|Volume 6 Issue 96 Published - 14:00 UTC 08:00 EST 5-Apr-2004 Next Update - 14:00 UTC 08:00 EST 6-Apr-2004||Editor: Susan K. Boyer, RN
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Researchers caution against linking strep, neuropsychiatric disorders
Doctors should wait for more evidence before signing on to the notion that the sudden development of symptoms like tics or behavioral problems in a child is related to a strep infection, according to researchers writing in the April issue of the journal Pediatrics.
In the last few years, debate has heated up among both parents and doctors about a purported link between an infection caused by strep bacteria and the development of neuropsychiatric symptoms such as tics or obsessive-compulsive behavior. It's known as the PANDAS hypothesis – Pediatric Autoimmune Neuropsychiatric Disorders Associated with Streptococcal Infection (PANDAS). Some doctors suspect that a strep infection triggers the body to produce antibodies that then attack or damage the brain, triggering or worsening tics or obsessive-compulsive disorder (OCD) and similar conditions in children.
"Doctors and parents are confused – they're not sure what to think. That's understandable. At this point, there's not enough data to resolve the issue," says neurologist Roger Kurlan, M.D., chief of the Cognitive and Behavioral Neurology Unit at the University of Rochester's Strong Memorial Hospital.
In the Pediatrics paper, Kurlan and Edward L. Kaplan, M.D., of the University of Minnesota assert that the criteria for establishing a connection between strep and behavioral disorders are too vague. For instance, one PANDAS hallmark is the abrupt onset of symptoms – but oftentimes once parents learn more about tics, they realize that their children have had them for quite awhile. The researchers say that while strep has been linked to other disorders such as rheumatic fever and Sydenham's chorea, large and carefully controlled studies have demonstrated those connections. They say the same is not true of PANDAS.
"Tics are such that they wax and wane," says Kurlan. "Oftentimes patients come in to the doctor's office soon after their symptoms have peaked, so it proves nothing to show that a child's symptoms subsided after they saw a doctor and were treated with antibiotics. It's quite possible that doctors could give such children a green-bean diet, and the children would get better. That's why we need a carefully done placebo-controlled study."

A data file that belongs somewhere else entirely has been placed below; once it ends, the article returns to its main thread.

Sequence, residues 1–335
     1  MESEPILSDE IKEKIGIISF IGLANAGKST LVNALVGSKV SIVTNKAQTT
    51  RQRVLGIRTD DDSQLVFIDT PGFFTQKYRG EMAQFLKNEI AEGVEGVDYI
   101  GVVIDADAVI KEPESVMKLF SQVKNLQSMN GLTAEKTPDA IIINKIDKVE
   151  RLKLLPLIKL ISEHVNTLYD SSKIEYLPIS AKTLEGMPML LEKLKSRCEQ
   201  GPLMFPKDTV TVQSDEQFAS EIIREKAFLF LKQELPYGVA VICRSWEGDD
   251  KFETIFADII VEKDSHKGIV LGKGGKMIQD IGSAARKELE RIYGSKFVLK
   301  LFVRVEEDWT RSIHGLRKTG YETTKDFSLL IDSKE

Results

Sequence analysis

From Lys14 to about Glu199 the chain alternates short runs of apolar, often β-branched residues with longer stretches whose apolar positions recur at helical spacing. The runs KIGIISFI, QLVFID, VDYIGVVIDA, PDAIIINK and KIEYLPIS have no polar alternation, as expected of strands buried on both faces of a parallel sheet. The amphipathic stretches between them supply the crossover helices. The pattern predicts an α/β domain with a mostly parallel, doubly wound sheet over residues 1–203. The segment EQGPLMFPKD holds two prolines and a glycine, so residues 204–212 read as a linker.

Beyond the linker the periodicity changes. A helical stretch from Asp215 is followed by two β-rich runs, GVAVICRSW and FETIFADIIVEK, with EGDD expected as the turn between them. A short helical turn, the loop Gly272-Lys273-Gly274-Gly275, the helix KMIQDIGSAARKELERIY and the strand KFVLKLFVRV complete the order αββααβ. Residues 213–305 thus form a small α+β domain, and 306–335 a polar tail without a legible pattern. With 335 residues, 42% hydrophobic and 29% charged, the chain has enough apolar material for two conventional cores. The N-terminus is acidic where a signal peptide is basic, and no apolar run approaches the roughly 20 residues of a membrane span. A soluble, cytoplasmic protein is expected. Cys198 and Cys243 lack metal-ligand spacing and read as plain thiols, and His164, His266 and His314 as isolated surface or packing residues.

Perhaps once a month Kurlan treats a child whose parents are concerned about a possible link between the child's symptoms and strep, and he fields frequent phone calls from parents with similar concerns. And it's true, he says, that nearly every child he sees has had a strep infection, and that many had a recent infection. That's because it's extremely rare to find a child who has never been infected by strep, and most have been infected several times, Kurlan says. That means that nearly every child who has behavioral problems, or for that matter any problems, has been infected by strep. It's a little bit similar to arguing that drinking water causes broken bones, since nearly everyone who has broken a bone has drunk water or a water-based fluid the same day the fracture occurred.
"It's human nature to try to ascribe the onset of symptoms to a specific preceding event," he says. "There has to be a very carefully done clinical study to determine whether that preceding event is truly linked, or whether the two events occurred simultaneously just by chance. This is especially true when dealing with a very common event like strep infection.
"It's human nature to want a explanation. For almost every parent who recognizes tics and obsessive-compulsive behavior in their children, almost immediately, as soon as they recognize it, their minds shift into high gear, questioning why the child has these symptoms."
Kurlan says that about one in every five children has some tics at some point while growing up, and another one in five will show some obsessive-compulsive behavior. Most of these will outgrow the symptoms naturally within a few weeks or months, while generally children whose symptoms last more than a year may need treatment. He says that family history –genetics – appears to be the biggest cause of tics and OCD.
With funding from the National Institute of Neurological Disorders and Stroke, Kurlan is now studying 80 children who have physical or vocal tics or have been diagnosed with obsessive-compulsive disorder. A team from 11 medical centers around the country is tracking the youngsters for two years, logging both strep infections and behavioral difficulties in an attempt to uncover any link between the two. Every three months the children receive a physical exam, including a blood test, regardless of how they feel, since children with strep often feel fine. In addition, nurses obtain throat cultures from the children every month, and whenever children have a sore throat, or when their obsessive-compulsive symptoms or tics worsen, doctors examine them. The study will be completed next year.